Formation of the CNS during embryogenesis requires the de novo initiation of neural gene expression in embryonic ectoderm. E.g., the Hoxb1a and Hoxb1b transcription factors (TFs) are required for zebrafish hindbrain development, but it is unclear how they activate gene expression. In particular, embryonic chromatin is compacted, making regulatory elements inaccessible to most TFs. We find that Prep and Pbx (two TFs identified as cofactors to Hox proteins) occupy genetic loci prior to zygotic genome activation ? many hours before Hox proteins are active and well before hindbrain development is initiated. Also, Prep:Pbx occupied sites co-localize with binding sites for the NFY TF. We hypothesize that maternally deposited Prep:Pbx cooperates with NFY to open chromatin at hindbrain genes. This process exposes binding sites for hindbrain-specific TFs (e.g. Hox proteins) to drive gene expression in the hindbrain. There are three aims of our proposed work: First we will disrupt Prep:Pbx and NFY function to determine if they modulate the chromatin state. Second, we will determine if Prep:Pbx-mediated chromatin changes promote binding by Hoxb1b to create hindbrain- specific enhancers. Lastly, we will determine how such enhancers drive hindbrain-specific gene expression. This work is relevant for several reasons. First, it is important to understand hindbrain development per se (as defects give rise to ataxias etc.). Second, our results will be applicable to understanding hox function in general, which is important since other hox genes are involved in hindbrain development (and many other cell fate decisions). Additionally, prep and pbx are proto-oncogenes and it is likely that their ability to drive de novo gene expression will explain some of their oncogenic potential. Lastly, our experiments will show how genes can be activated in inaccessible chromatin. This will be applicable to targeted differentiation/reprogramming of stem or precursor cells ? hence our work will also inform efforts to generate specific cell types for clinical applications.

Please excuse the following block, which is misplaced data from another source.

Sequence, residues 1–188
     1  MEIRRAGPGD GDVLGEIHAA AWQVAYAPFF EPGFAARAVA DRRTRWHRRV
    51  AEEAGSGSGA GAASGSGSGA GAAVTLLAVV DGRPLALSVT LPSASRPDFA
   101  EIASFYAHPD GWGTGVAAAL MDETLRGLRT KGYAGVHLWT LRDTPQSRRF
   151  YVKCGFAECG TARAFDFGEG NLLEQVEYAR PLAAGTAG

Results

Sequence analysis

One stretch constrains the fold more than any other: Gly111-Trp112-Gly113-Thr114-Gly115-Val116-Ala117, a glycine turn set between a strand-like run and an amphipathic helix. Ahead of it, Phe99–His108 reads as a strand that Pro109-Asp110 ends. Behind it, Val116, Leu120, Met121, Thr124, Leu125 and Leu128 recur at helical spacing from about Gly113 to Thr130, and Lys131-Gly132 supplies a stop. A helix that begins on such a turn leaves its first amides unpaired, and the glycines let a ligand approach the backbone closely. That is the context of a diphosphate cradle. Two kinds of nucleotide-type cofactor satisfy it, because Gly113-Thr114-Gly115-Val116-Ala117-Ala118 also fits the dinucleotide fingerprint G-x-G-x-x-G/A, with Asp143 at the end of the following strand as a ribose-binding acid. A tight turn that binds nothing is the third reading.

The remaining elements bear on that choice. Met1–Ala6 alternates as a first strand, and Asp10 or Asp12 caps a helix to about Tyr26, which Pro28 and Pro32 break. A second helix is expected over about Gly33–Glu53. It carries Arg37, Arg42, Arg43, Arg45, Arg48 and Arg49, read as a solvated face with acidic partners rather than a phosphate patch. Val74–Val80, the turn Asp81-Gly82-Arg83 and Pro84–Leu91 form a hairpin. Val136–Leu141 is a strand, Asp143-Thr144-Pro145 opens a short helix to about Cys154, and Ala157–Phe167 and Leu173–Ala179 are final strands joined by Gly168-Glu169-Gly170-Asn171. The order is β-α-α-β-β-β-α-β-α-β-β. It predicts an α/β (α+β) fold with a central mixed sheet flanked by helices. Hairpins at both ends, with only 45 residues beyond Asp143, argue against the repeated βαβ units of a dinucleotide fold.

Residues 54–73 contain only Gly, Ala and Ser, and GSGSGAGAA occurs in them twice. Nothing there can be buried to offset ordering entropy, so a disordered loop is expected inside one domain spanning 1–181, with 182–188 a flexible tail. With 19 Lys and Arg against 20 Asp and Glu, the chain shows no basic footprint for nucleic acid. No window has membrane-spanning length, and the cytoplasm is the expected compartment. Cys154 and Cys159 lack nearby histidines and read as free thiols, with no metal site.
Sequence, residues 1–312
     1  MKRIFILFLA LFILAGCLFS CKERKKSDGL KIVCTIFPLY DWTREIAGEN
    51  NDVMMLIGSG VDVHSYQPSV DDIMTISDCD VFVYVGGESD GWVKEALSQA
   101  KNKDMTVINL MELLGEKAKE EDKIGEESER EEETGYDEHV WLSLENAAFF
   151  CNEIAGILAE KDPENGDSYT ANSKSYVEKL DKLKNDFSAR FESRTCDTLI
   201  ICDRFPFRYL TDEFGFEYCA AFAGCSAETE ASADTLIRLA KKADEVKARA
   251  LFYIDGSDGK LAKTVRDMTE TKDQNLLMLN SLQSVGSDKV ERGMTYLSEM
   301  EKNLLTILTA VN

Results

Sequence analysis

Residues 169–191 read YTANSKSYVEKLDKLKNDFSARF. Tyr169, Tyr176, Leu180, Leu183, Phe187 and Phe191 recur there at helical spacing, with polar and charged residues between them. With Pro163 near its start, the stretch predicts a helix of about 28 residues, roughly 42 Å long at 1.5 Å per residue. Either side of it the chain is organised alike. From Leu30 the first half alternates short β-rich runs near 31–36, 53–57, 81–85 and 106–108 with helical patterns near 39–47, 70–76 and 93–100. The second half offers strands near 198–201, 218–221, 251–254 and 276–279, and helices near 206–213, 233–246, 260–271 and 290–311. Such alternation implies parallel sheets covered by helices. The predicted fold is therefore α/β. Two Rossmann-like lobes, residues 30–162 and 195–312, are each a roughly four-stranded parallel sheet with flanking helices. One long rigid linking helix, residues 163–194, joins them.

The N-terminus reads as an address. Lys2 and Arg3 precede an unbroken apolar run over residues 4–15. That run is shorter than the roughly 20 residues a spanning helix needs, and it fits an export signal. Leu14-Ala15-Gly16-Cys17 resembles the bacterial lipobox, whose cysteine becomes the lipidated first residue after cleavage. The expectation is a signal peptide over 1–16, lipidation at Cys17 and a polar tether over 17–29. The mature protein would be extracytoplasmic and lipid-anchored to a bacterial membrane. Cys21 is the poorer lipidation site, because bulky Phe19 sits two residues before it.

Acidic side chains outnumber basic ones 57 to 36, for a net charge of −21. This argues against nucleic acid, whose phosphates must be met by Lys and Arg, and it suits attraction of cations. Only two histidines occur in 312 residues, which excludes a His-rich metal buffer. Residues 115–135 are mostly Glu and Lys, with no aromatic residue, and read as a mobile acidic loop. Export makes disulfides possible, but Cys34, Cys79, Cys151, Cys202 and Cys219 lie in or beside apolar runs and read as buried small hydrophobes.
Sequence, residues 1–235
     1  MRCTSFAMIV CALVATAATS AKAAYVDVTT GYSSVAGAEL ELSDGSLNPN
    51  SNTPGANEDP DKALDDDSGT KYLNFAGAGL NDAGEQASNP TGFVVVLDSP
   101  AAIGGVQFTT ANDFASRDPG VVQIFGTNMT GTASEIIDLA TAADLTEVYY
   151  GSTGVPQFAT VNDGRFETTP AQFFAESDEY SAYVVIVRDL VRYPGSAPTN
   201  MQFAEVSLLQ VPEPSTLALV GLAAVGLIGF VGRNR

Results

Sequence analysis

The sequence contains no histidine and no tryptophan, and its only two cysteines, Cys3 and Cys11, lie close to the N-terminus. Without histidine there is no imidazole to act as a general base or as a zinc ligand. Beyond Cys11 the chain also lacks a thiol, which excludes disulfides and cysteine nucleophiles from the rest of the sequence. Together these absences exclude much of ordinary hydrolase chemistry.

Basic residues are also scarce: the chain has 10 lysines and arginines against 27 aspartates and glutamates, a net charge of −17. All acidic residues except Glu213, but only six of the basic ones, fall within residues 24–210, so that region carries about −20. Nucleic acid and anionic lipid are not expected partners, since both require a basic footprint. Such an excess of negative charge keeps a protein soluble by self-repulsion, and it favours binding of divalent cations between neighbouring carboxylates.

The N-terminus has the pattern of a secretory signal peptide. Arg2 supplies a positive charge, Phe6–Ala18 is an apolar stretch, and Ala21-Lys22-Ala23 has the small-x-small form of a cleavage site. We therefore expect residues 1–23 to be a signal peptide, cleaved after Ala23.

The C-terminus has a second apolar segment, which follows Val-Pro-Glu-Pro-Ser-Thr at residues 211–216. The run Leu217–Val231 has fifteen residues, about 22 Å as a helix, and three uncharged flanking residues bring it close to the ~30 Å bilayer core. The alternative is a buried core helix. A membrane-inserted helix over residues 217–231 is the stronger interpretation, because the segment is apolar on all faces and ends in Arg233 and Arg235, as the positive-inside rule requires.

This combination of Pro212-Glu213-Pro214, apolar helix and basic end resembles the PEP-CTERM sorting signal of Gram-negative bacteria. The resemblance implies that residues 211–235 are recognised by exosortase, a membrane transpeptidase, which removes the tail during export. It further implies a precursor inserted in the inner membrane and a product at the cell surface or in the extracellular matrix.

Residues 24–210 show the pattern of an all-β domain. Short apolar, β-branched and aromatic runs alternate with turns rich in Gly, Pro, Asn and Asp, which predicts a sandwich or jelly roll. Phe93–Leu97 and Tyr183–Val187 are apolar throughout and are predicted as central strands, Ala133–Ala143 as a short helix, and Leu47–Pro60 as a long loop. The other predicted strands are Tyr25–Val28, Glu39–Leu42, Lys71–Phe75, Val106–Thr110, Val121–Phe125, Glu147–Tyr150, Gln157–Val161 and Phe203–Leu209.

The proposed experiments are aimed at understanding how genes required for formation of the vertebrate hindbrain are ?turned on? during embryogenesis. Hindbrain formation is sensitive to disruptions by a variety of factors (e.g. environmental toxins, infectious agents and genetic conditions) that give rise to a range of birth defects ? ranging from motor control problems such as ataxia, to cognitive defects such as autism. The results from our experiments will begin explaining the basis of such disorders and will help inform studies aimed at treating them.
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